finding associated pixels of said first and second images which have intensities below a threshold;
calculating differences between the intensities of said associated pixels in said first and second images; and
determining that the anomalies exist in response to determining that the calculated differences are less than a pixel intensity threshold.
4. The computer-implemented method according to claim 3, wherein said identifying anomalies comprises:
deriving compensated depth values by dividing the intensities of the first image by the intensities of the second image; and
determining if the compensated depth values exceed a depth threshold, said determining that said anomalies exist is responsive to the determining that the compensated depth values exceed the depth threshold.
5. The computer-implemented method according to claim 1, further comprising:
compensating for said anomalies by replacing pixels associated with said anomalies with pixels of depth similar to that of at least one region adjacent to said anomalies, wherein said region is a part of said at least one object.
6. The computer-implemented method according to claim 1, wherein said depth map is in a series of depth maps, further comprising:
marking said detected anomalies; and
using said marked anomalies as a template, identifying future occurrences of said detected at least one object in said series of depth maps.
7. A computer-implemented method for processing images, comprising:
identifying anomalies in an object in a depth map in a series of depth maps, said identifying anomalies comprises identifying at least one logical gap anomaly and at least one logical protrusion anomaly in said object which are caused by differing reflective properties of the object, said identifying the at least one logical gap anomaly comprises identifying pixel depths which are less than those of pixels in at least one adjacent region of said at least one object, and said identifying the at least one logical protrusion anomaly comprises identifying pixel depths which are greater than those of pixels in at least one adjacent region of said at least one object; and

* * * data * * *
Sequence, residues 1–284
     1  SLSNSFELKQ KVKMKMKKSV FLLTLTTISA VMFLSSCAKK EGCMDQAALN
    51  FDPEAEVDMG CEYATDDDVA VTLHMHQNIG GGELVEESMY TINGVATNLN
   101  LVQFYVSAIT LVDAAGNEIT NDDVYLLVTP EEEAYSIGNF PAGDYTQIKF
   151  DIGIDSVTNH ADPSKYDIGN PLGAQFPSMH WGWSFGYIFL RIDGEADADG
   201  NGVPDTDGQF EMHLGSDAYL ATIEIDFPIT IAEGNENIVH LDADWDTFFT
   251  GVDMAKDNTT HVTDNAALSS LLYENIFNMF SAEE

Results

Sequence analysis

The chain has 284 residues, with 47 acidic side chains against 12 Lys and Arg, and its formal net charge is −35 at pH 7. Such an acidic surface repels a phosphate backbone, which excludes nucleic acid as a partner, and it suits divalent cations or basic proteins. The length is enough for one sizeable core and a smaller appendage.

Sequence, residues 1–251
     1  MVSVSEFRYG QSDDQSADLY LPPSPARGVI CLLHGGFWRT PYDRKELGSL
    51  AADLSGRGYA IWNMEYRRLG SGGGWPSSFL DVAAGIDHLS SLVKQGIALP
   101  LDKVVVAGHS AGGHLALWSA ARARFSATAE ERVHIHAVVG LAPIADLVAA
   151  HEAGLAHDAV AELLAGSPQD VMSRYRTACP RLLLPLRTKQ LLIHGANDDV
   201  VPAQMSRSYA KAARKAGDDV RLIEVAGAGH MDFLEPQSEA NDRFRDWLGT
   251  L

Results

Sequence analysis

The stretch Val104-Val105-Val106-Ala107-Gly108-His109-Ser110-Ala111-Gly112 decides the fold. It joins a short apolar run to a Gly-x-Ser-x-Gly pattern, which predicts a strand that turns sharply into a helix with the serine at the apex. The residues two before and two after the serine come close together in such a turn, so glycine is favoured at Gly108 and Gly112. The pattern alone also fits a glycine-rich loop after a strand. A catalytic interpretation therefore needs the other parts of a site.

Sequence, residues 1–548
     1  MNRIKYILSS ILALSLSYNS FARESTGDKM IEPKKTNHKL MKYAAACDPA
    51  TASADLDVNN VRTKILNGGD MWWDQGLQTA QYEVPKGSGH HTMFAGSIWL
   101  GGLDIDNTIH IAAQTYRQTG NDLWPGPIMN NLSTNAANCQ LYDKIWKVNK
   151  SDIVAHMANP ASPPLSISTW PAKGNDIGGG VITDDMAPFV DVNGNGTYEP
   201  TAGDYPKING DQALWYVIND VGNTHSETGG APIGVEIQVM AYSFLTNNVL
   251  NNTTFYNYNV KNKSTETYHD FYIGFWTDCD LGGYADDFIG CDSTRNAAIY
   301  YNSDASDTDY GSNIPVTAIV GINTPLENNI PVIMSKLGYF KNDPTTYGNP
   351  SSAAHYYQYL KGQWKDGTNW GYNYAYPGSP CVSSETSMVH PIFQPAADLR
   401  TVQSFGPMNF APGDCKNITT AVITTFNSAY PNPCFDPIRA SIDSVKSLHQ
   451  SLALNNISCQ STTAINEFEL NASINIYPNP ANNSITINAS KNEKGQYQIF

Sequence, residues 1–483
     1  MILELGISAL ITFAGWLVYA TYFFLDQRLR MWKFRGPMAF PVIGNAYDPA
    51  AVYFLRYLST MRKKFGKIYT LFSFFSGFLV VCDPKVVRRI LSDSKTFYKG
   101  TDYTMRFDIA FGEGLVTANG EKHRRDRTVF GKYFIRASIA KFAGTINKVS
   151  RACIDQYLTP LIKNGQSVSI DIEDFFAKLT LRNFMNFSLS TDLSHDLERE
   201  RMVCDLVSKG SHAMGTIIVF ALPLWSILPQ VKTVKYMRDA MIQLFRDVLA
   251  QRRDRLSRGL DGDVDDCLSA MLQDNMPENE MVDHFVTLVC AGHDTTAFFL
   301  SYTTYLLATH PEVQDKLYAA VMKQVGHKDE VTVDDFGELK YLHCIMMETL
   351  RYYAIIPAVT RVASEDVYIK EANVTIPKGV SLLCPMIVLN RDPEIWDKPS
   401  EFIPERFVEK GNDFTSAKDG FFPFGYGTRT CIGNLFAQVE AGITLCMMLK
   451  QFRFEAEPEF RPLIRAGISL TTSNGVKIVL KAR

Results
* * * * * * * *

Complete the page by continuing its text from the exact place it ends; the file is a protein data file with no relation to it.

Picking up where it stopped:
using said anomalies as a template, identifying future occurrences of said object in the series of depth maps.
8. The computer-implemented method according to claim 7, wherein said anomalies are caused by materials with lower or higher reflective properties than those of other materials represented in said depth map.
9. The computer-implemented method according to claim 7, further comprising performing said identifying anomalies as part of a calibration process prior to operation.
10. The computer-implemented method according to claim 7, wherein said object is part of a subject's body.
11. The computer-implemented method according to claim 10, wherein said anomalies are caused by a contrast in reflectivity between at least two parts of said subject's body.
12. The computer-implemented method according to claim 7, wherein said using comprises:
distinguishing between said object and a second similar object.
13. The computer-implemented method according to claim 12, wherein said object and said similar object are a pair of objects, and one of said pair of objects is identified as a left object and one of said pair of objects is a right object.
14. The computer-implemented method according to claim 7, further comprising:
marking said object as a specific individual.
15. The computer-implemented method according to claim 14, wherein said individual is a player in a multiplayer game.
16. The computer-implemented method according to claim 7, further comprising:
compensating for said anomalies by replacing pixels associated with said anomalies with pixels of depth similar to that of at least one region adjacent to said anomalies, wherein said at least one region is a part of said object.
17. A computer-implemented method for processing images, comprising: